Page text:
When it comes to healthcare or pandemics, senior citizens are often targeted by scammers looking to steal money from those who are vulnerable. Awhile back, two dozen people, including doctors and owners of medical equipment companies, were charged in a more than $1 billion healthcare scam.
The theft ring specifically targeted elderly and disabled people by setting them up with back, neck and knee braces that they didn’t need.
An investigation by multiple federal agencies discovered that medical brace manufacturers were allegedly paying kickbacks and bribes to doctors working with fraudulent telemedicine companies in exchange for Medicare patient referrals for unnecessary equipment.
The scammers laundered the illegally obtained profits through international shell companies and used the money to buy exotic cars, yachts and luxury real estate.
As part of the scheme, doctors were paid to prescribe braces to patients they had no relationship with. Prescriptions frequently came after doctors had brief conversations via phone or video conference with patients they had never met.
As a result of the scheme, the personal information of hundreds of thousands of Medicare beneficiaries was compromised. According to Sherri Lydon, U.S. attorney for the district of South Carolina, “All taxpayers will endure the rising cost of health care premiums and out-of-pocket costs as a result of fraud on our Medicare system.”
One man, who lives in Rochester, N.Y., said he received a box of unwanted back and knee braces sent by a medical supply company in Florida and prescribed by a doctor in another state. Medicare was charged nearly $3,000 for the unneeded medical equipment.
As many as 130 medical equipment companies were implicated in the scam that resulted in a total of $1.2 billion in losses. The investigation was carried out by the FBI, the IRS, and 17 U.S. attorney’s offices.
Considering how often scammers target those who vulnerable, the coronavirus has been the latest ruse for scammers who are exploiting the public’s desire for information about the outbreak, so here are the latest coronavirus scams to watch out for.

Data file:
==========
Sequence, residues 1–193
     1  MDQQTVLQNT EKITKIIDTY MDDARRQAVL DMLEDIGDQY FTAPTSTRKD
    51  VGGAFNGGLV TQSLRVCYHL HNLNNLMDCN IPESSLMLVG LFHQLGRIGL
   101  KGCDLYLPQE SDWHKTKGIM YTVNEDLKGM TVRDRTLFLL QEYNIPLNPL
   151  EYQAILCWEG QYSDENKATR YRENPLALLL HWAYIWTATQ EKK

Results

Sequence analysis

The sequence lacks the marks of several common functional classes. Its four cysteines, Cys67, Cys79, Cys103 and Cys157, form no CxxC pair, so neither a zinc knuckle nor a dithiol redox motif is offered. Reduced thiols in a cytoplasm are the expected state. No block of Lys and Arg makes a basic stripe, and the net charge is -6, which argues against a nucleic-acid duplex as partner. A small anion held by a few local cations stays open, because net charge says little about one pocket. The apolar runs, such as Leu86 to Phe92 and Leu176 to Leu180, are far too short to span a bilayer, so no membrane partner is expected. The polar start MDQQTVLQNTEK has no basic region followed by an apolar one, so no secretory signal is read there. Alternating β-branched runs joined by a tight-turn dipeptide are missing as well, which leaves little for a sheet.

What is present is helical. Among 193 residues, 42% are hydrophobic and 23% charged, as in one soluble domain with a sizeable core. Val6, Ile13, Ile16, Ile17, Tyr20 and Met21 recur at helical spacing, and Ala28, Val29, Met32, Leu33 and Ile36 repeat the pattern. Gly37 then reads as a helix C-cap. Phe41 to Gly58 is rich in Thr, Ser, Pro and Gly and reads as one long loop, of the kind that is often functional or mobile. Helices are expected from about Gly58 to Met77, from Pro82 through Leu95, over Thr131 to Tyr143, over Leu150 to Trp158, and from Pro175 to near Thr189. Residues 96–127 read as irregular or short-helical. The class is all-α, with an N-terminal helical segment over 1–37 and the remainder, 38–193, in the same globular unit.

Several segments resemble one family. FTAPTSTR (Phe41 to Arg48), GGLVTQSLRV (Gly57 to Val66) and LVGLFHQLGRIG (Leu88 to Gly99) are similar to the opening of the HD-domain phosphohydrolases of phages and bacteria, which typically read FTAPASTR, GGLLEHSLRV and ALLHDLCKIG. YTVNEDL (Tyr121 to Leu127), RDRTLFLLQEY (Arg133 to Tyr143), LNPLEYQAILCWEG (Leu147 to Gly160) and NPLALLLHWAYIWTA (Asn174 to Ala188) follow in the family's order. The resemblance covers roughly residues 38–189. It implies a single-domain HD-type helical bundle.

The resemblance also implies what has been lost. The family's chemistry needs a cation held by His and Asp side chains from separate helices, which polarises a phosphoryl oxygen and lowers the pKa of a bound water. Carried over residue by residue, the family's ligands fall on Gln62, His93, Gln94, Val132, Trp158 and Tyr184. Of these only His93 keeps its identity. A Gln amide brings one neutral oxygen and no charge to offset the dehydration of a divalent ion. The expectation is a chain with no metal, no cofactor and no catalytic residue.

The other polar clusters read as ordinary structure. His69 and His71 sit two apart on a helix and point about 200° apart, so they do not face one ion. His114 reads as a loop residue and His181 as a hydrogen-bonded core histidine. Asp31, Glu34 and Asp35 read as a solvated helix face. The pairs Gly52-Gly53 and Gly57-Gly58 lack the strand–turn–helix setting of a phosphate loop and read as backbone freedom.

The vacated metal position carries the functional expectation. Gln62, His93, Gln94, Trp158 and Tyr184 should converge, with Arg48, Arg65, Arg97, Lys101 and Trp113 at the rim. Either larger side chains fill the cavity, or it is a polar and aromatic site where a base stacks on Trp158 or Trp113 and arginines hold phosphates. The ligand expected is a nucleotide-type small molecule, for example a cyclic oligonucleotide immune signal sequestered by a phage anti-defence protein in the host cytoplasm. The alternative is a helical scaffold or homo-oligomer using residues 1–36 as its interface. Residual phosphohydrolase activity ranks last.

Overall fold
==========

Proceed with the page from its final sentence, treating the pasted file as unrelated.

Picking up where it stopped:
Fake vaccine. One of the newest scams primarily targets senior citizens, the population most at risk from a serious illness from the coronavirus. The way the scam works is victims receive a telephone call from someone claiming to work for their local health department.
The scammer tells the victim that their dose of coronavirus vaccine is ready and they just need to provide personal information including their date of birth, address, and social security number.
Of course, there is no vaccine yet for the public for the coronavirus. If you receive this phone call or anything like it from a person trying to gain information, hang up.
Imposter websites. A major source of information on the coronavirus is the World Health Organization (WHO), which is among the most-impersonated websites by cyber criminals.
Basically, hackers pretend to offer important information about the virus in an attempt to get victims to click on malicious links. Typically, the website links install malware, steal personal information or attempt to capture login and password information.
These types of scams also involve fake e-mails that pretend to be from the WHO, but the scammers are trying to get the victim to click on a malicious link. The best thing to do is never click on emails you get from the WHO or who you get from any health organizations. (Instead, just go to the website yourself if you wish to go to it.)
Charity. At a time like a pandemic we should remember to care for one another, especially those who are less fortunate. However, another common scam doing the rounds asks you to help “the children.”
Basically, the scammers call or e-mail you and tell you that you can help fund the vaccine for children or can help purchase basic living supplies such as fresh water for children in areas where supplies are scarce.
Typically, people who receive the coronavirus-themed emails or phone calls are asked to send money online or to provide credit card information over the phone. Despite this technique being only effective for a small number of the victims, when done on a global scale it can be lucrative for criminals.
Unfortunately, worldwide emergencies offer opportunities for con artists and scammers to launch fraudulent campaigns that feed off and cash in on the current climate of concern around the globe.
Make sure your family members are aware of the scams occurring so they protect themselves from the thieves making money off of those who are suffering.